Aiming in Croquet Strokes - Not Half the Angle!
A problem which puzzles beginners is at what angle should they hit a croquet stroke to get the balls to go where they want them to? There are two components to getting a croquet stroke right.
Normally beginners are given a good piece of advice:
Next they are given duff advice:
There is only one case where this is correct. This is illustrated in the following diagram:
The balls are travelling identical distances. 'A-a' is the aiming line along which the mallet is swung. Since the balls travel the same distance this stroke would be played as a roll stroke, i.e. the mallet would be gripped low down, angled over the back ball and the stroke played with plenty of follow-through. This is the only time when you can 'halve the angle"!
Consider the following diagram, blue travels a much shorter distance than yellow but along the same line as red in the previous diagram:
Here 'B-b' is the line to aim along and the stroke is played as a stop shot since the back ball travels a short distance, i.e. you hold the mallet at the top, stand back from the balls and play a stab shot with no follow-through.
What is the Trick?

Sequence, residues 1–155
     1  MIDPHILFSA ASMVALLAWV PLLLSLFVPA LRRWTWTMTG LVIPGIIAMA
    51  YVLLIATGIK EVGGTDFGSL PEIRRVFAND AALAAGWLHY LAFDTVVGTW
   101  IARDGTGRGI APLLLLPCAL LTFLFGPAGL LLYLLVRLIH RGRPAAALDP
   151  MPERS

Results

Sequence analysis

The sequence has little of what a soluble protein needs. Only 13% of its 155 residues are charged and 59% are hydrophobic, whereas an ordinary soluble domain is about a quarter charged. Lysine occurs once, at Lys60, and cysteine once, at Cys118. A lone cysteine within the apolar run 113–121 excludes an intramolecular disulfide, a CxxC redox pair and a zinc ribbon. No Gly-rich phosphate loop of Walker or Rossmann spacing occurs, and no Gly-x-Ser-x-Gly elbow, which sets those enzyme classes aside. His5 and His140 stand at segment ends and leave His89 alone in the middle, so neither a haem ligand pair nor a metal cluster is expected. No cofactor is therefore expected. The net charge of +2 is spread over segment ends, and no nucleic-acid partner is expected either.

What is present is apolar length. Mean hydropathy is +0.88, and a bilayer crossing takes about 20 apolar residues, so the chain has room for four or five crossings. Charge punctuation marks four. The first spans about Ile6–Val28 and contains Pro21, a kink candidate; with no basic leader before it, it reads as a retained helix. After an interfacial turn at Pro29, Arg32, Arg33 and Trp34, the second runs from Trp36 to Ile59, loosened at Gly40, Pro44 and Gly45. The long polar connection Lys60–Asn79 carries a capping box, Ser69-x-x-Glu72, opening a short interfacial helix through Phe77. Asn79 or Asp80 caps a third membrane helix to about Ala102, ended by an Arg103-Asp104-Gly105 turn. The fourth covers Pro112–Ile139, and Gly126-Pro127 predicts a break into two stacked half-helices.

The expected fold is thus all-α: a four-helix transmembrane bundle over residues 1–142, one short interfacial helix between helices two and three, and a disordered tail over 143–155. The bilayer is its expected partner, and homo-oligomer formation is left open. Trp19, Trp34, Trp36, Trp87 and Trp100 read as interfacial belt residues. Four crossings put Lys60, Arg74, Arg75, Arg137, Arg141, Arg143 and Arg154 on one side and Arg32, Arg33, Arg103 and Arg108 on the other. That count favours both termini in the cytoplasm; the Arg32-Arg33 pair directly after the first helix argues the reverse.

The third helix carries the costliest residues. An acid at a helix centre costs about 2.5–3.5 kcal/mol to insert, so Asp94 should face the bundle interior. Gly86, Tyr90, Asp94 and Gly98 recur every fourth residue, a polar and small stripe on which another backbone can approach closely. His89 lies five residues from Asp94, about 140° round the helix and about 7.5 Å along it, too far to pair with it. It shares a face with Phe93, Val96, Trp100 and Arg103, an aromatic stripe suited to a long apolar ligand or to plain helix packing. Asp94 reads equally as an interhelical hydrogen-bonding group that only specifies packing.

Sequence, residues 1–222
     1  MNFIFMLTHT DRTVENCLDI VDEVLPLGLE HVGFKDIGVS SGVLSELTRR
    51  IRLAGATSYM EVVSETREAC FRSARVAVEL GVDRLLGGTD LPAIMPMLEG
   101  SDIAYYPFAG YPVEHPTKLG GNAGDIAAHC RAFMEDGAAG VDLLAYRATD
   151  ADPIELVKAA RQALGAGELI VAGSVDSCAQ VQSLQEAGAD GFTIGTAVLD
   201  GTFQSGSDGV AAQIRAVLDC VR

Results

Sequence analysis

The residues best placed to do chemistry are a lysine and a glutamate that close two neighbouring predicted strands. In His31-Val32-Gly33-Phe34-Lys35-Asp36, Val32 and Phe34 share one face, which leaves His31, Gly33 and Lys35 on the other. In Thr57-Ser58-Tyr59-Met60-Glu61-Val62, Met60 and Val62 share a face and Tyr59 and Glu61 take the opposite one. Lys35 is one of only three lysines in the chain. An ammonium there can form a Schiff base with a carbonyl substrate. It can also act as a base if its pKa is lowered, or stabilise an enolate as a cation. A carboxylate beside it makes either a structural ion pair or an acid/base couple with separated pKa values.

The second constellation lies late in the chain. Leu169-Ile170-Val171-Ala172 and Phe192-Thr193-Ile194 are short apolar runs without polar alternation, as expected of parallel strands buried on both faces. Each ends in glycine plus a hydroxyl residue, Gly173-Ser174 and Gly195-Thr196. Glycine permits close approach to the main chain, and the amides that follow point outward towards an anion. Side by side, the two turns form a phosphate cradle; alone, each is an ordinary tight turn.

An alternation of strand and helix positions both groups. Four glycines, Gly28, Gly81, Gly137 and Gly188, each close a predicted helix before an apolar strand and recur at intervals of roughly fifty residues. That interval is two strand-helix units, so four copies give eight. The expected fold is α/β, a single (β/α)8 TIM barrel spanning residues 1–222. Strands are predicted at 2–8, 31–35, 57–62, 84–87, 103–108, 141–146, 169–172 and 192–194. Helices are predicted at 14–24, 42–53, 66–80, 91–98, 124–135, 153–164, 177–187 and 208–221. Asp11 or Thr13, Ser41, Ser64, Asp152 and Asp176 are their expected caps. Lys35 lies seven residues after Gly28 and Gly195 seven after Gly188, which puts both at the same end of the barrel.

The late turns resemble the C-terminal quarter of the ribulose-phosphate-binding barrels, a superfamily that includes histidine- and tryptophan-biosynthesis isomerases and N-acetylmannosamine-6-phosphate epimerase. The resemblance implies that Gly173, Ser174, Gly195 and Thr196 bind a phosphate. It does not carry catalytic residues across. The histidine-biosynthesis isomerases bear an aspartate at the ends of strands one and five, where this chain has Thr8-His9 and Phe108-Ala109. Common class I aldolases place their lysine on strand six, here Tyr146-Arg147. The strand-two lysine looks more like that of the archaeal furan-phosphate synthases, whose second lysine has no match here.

Simple, follow step a) above to line up the croquetted ball, then visualise the mid point on a line linking the desired final positions of each ball and swing the mallet towards that. That is: point 'a' for the roll and point 'b' for the stop shot. Play the stroke in the appropriate way to get the right ratio of distances travelled and voilá.
You can practise by placing markers at your expected ball final positions and an aiming mark mid way between them.
[For the purists, if the ratio between the distances travelled by the balls is large, then you need to aim slightly towards the track of the ball travelling the shorter distance. See Take-Offs: Where to Aim? and Mid-Point Aiming in the technical Section.]
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